Fifteen members of BirdLife Overberg visited the Red Stone Hills guest farm near Calitzdorp on Route 62 over last weekend (7 to 10 August). The drive there was exiting as the Overberg is as green as it can come and the Little Karoo is starting to show its annual flower spectacle. As is normal when we pass through Barrydale, we stopped over at Clarke of the Karoo for a great lunch and extensive banter. A meal at Mike's restaurant comes highly recommended. The trip to the guest farm gave us the opportunity of seeing some great Western Cape birds – this included lots of Blue Cranes, Cape Sugarbird and Orange-breasted Sunbird (both in Tradouw pass), Southern Pale Chanting Goshawk and many more.
Early morning view from our chalet
The scenery at Red Stone Hills is simply overwhelming – the red red mountains must be experienced and the strong flowing little rivers create a diversity of habitats that makes for great birding. Bob and myself spent some time along the river on the first afternoon and were able to identify a lot of species that one would normally expect in this type of environment. I tried my best to get some pictures of Chested-vented Titbabblers, but their hyperactive behavior makes it almost impossible in dense acacia thornveld. My biggest disappointment though was missing out on my first picture of a Tambourine Dove – I in actual fact had the bird in my viewfinder, but did not have the time to focus before it flew off.
The scattered chalets on the farm are very comfortable and practically equipped and everyone agreed extremely good value for money. Bob and Christa, Charel and Marlien and Elaine and myself stayed in Bushman Cottage and had spectacular views of sunsets (and sunrises) as the veranda overlooks the entire valley. What a dawn
chorus!!!!! The communal entertainment area is great, we spent all three evenings there and Elaine's suppers were once again out of this world. We should mention though that Charel's steaks on the Sunday evening were brilliant. Take note that Petro does also cater and that meals could be ordered.
We took it really slowly on the Saturday – some of the group went up the mountain to look at bushman paintings and came back in awe. Christene was most impressed with the diversity of plants on the mountain and promised to write us a report on their little expedition. Len and herself are off to Kruger though with the result that we will have to wait a while for this one. Bob and Christa practiced their photographic skills, some of the girls explored the valleys in the area and four of us took a casual drive to the the quint hamlet of De Rust. Essentially we did nothing and just drank in the marvels of this landscape. The group was so laid back that we even afforded ourselves the opportunity to watch the Boks lick Aus. (Yes, DSTV available).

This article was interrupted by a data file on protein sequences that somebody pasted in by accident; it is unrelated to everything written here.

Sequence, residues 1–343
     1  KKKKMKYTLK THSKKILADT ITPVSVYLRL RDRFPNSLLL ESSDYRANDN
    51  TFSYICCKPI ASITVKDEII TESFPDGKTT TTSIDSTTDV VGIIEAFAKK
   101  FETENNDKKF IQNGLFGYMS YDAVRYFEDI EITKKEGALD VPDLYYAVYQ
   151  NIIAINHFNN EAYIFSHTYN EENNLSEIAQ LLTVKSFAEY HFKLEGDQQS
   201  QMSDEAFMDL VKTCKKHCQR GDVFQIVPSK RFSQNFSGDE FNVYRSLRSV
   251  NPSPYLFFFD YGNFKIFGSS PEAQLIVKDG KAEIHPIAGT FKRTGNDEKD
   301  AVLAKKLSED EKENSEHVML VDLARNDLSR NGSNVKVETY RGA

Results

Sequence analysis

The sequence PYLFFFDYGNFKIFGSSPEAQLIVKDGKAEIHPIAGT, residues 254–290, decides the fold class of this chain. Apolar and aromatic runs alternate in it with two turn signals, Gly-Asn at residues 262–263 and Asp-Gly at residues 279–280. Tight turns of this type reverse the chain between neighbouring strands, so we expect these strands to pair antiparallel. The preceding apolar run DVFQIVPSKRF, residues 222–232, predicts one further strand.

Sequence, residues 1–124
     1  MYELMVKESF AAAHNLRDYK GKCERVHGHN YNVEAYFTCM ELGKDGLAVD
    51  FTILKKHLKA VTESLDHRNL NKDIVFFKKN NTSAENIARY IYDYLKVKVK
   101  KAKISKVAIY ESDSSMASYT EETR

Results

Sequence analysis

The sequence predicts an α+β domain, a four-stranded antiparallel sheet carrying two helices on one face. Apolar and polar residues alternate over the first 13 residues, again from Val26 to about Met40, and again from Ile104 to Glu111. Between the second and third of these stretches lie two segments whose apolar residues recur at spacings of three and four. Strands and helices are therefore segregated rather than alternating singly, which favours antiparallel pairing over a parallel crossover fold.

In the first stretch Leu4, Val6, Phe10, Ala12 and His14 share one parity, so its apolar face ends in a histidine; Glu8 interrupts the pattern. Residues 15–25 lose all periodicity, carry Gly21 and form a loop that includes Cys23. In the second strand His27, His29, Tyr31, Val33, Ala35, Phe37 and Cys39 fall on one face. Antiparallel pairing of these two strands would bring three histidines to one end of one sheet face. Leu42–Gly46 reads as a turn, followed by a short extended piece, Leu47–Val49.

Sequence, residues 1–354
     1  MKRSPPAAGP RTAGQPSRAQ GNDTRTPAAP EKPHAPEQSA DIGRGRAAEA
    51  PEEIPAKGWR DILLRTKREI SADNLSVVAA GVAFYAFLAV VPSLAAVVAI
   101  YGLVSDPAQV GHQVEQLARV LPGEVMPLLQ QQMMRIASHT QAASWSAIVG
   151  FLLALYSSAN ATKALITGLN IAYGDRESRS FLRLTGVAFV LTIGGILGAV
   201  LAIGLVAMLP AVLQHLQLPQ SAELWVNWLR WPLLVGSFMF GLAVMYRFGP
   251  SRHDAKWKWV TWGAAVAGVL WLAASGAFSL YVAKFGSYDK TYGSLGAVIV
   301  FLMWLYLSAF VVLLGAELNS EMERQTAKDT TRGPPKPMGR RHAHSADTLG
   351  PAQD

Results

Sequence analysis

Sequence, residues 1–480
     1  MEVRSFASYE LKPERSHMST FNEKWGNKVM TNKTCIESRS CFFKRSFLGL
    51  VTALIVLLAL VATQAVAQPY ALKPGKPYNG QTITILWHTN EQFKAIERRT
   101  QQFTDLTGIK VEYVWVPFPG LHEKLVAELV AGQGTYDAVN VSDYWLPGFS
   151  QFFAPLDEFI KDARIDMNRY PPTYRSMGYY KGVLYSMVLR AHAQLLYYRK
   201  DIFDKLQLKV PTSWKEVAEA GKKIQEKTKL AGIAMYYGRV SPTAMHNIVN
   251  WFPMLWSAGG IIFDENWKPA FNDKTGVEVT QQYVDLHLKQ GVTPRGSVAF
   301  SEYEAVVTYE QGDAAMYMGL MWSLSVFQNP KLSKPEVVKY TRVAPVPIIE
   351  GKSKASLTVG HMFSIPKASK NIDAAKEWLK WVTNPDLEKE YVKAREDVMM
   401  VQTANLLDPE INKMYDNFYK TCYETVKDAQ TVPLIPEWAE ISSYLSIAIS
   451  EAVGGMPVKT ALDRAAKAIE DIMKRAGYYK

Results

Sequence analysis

On the Sunday morning most of us went on a slow two hour walk and we were able to assist the relative novices in the group to study many interesting species up close. Familiar Chats were in abundance, Karoo Scrub-Robins were very confiding and Neddicky's everywhere. We watched a large flock of Cape Canaries feeding on little yellow flowers accompanied by Southern Double-collared Sunbirds, Yellow Bishops, weavers and sparrows. A great bonus was being able to compare Common Fiscal and Fiscal Flycatcher that were perched close together. In the more wooded areas of the farm we were able to pick up Acacia Pied Barbet, Brown-hooded Kingfisher, Sombre Greenbul, Southern Boubou, African Goshawk, Cardinal Woodpecker and so on. Of further interest were Barn Swallows and Black Saw-wings and the inevitable debate of early migration vs. over-wintering birds. Most participants found the young African Fish-Eagle in this habitat strange and we spent ten minutes waiting for a Rock-Thrush on top op a hill to turn its back on us – turned out to be Cape Rock-Thrush. We spent the afternoon having a picnic along the swimming pool at the entertainment area, the greatest entertainment being the ostriches with their elaborate breeding rituals and trying to predict when the male's legs and face would turn red.
African Fish-Eagle in strange landscape
The Red Stone Hills holiday farm must certainly rate as one of the most underrated birding destinations in the Western Cape province and one wonders when Route 62 will start getting the recognition that it deserves in birding circles. We are currently investigating the possibility of presenting Flight for Birders courses along Route 62 in an attempt to establish a BirdLife South Africa infrastructure in this beautiful part of our country.
In the end we saw 94 species on the farm and 126 species on the entire trip. Visit www.redstone.co.za or contact Petro Potgieter at email@example.com for more information on Red Stone Hills. Also visit the photo gallery that we have established elsewhere on this website.